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Gethers v. McDonald

United States District Court, D. Connecticut

May 5, 2017

TERRY R. GETHERS, Plaintiff,


          Hon. Vanessa L. Bryant United States District Judge.

         I. Introduction

         Plaintiff Terry Gethers (“Gethers” or “Plaintiff”) brings this employment discrimination action against the Secretary of the Department of Veteran's Affairs[1] (“Defendant”) under Title VII of the Civil Rights Act of 1964 and the Age Discrimination in Employment Act (“ADEA”), 29 U.S.C. §§ 621, et seq. The parties submitted their Joint Trial Memorandum on April 25, 2017, in which Defendant included a Motion in Limine challenging five categories of evidence offered for trial. [Dkt. 69 at 94.] Plaintiff submitted a Motion in Limine Countering the Defense Motion (“Opposition”) on April 27, 2016. [Dkt. 71.] Due to a clerical error, Plaintiff's Motion was not docketed until May 2, 2017. [Dkt. 75.] On May 1, 2017, the Court granted in part and denied in part Defendant's Motion in Limine and granted Plaintiff the opportunity to respond to certain issues within seven days of the date of that Order. [Dkt. 74.] Plaintiff has until May 8, 2017 to file a response addressing issues outlined in the Court's Order, at which point the Court will consider Plaintiff's Opposition [Dkt. 71] and any subsequent filing in tandem. However, Plaintiff's Opposition includes language which could be construed as a motion for reconsideration of the Court's summary judgment decision regarding Plaintiff's preselection claim. [Dkt. 71 at 8.] The Court addresses that argument now. For the reasons that follow, to the extent the Plaintiff seeks reconsideration, his request is DENIED.

         II. Factual Background

         The Court assumes familiarity with the overall facts underlying this action. The facts relevant to this motion are as follows. In his pleadings, Gethers alleged that Defendants “preselected” Christopher Falkner to manage a new initiative implementing an Anesthesia Record Keeping Clinical Information System (“ARK/CIS”). [Dkt. 12 at 9-10.] Defendants sought summary judgment on Plaintiff's preselection claim. [Dkt. 33.] As stated in the Court's Memorandum of Decision Granting in Part and Denying in Part Summary Judgment [Dkt. 47], the evidence established that VISN-1, a region of the Veterans Integrated Service Network, holds monthly meetings which are open, but not mandatory, to regional employees. [Dkt. 33-3 (Deposition Transcript of Terry Gethers (“Gethers Tr.”) at 26.] Falkner regularly attended the monthly meetings through the relevant time period. [Dkt. 33-7 (Deposition Transcript of Christopher Falkner) (“Falkner Tr.”) at 10.] Gethers attended regularly for a while, but stopped going as regularly at some point.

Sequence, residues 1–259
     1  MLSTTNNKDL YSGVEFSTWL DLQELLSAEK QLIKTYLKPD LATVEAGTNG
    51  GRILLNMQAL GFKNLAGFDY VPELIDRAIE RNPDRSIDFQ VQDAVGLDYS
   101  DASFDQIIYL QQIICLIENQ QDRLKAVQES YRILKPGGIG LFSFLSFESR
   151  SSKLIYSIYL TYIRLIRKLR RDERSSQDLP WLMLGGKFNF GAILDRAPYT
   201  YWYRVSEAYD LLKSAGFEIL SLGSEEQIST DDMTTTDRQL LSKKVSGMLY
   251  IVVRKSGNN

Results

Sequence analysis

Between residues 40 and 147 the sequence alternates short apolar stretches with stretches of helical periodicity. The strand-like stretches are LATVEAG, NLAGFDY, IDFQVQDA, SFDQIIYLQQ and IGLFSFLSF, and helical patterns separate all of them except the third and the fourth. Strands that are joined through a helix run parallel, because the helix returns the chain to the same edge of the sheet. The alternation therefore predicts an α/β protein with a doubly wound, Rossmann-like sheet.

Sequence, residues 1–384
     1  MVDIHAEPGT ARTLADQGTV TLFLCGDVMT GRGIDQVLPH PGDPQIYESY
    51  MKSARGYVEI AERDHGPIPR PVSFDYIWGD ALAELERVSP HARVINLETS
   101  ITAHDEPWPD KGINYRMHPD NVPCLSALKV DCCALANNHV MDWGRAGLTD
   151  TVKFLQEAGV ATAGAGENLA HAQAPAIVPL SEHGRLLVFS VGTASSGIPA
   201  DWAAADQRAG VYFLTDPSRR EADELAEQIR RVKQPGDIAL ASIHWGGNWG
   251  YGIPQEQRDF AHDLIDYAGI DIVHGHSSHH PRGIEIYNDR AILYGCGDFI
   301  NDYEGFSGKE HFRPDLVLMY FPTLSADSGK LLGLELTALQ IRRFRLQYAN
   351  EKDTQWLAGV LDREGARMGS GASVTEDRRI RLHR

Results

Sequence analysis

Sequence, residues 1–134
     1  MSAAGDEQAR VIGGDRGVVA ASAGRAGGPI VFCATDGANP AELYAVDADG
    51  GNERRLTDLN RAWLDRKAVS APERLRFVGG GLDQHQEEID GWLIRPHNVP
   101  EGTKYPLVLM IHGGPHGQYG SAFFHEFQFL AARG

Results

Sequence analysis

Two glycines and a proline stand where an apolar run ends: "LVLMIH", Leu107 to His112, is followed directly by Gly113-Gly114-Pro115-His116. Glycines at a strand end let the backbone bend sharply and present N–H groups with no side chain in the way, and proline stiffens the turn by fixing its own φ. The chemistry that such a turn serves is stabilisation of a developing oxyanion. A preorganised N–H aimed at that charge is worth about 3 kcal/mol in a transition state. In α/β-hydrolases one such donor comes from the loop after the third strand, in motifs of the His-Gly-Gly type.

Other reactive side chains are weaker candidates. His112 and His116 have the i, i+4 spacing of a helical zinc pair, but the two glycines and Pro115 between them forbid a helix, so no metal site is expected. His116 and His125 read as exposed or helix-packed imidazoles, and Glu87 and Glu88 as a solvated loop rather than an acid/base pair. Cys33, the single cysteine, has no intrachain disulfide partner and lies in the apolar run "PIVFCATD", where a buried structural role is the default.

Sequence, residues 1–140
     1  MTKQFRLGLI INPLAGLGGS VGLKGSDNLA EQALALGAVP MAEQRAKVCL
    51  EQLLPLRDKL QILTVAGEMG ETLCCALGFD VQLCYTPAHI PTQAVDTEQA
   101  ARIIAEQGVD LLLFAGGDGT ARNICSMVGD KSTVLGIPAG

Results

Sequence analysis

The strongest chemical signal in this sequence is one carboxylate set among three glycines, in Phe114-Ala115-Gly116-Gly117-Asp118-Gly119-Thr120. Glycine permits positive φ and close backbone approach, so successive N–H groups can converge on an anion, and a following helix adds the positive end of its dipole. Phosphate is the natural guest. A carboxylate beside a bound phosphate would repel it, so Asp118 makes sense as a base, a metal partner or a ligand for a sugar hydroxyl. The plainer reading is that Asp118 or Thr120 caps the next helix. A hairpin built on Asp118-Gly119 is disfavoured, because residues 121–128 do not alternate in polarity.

At one of the monthly meetings (the exact date of which has not been provided to the Court), VISN-1 sought volunteers to help integrate new technology in VA network hospitals. Falkner Tr. at 12. It was “typical for VISN-1 . . . to seek volunteers from the region's hospitals' [Clinical Engineering] services to assist with new initiatives and special projects.” [Dkt. 33-8 (Second Declaration of Carolyn Mahoney) (“Mahoney Decl. 2”) at 1.] Falkner expressed interest in the ARK/CIS project to managers in the regional VISN-1 office, and as a result became involved in early coordination efforts. Falkner Tr. at 12-13. Gethers chose not to attend the meeting at which volunteers were solicited, did not volunteer and did not participate in early coordination efforts. See generally Gethers Tr. at 26, 28 (stating Gethers stopped attending monthly VISN-1 meetings before the ARK/CIS announcement); Gethers Tr. at 30-31 (stating Falkner participated in early integration of ARK/CIS but Gethers did not).

         Based on this evidence, the Court granted summary judgment as to Gethers' preselection claim. [Dkt. 47 at 27.] The Court reasoned that Gethers could have chosen to attend the monthly VISN-1 meeting at which the call for volunteers for the ARK/CIS program was announced. Id. With no evidence that Gethers was not permitted to attend the meeting and learn of the volunteer opportunity, the Court concluded Gethers' own decision not to attend led to his not availing himself of the opportunity. Id. The Court further concluded that it would be legitimate and non-discriminatory for an employer to look more favorably upon a job applicant who volunteered to help with early coordination for a program and gained familiar with a new technology the operation of which the new position involved. Id. at 27-28. In sum, the Court concluded that Gethers failed to raise a triable issue of fact as to whether the Defendants preselected the successful applicant for a discriminatory reason given the fact that the successful applicant obtained superior knowledge of and experience with the computer program central to the position being filled in an fair and open volunteer posting process from which Gethers excluded himself.